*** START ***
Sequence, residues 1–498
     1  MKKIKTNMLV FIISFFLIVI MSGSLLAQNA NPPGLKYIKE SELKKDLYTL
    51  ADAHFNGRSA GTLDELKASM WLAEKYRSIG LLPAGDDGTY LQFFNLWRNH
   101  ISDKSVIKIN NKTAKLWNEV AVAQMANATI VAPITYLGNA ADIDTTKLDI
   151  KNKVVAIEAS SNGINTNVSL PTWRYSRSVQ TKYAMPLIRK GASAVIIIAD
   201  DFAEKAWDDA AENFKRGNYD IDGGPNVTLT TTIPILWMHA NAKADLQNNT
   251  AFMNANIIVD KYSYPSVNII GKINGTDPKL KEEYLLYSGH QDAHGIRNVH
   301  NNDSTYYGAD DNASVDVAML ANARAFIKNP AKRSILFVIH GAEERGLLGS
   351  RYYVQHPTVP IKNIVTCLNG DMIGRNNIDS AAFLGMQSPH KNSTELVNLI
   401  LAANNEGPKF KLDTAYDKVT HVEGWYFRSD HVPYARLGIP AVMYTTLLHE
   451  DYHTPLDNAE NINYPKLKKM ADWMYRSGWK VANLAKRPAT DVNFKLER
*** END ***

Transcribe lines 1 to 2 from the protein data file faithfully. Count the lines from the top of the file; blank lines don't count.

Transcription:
Sequence, residues 1–498
     1  MKKIKTNMLV FIISFFLIVI MSGSLLAQNA NPPGLKYIKE SELKKDLYTL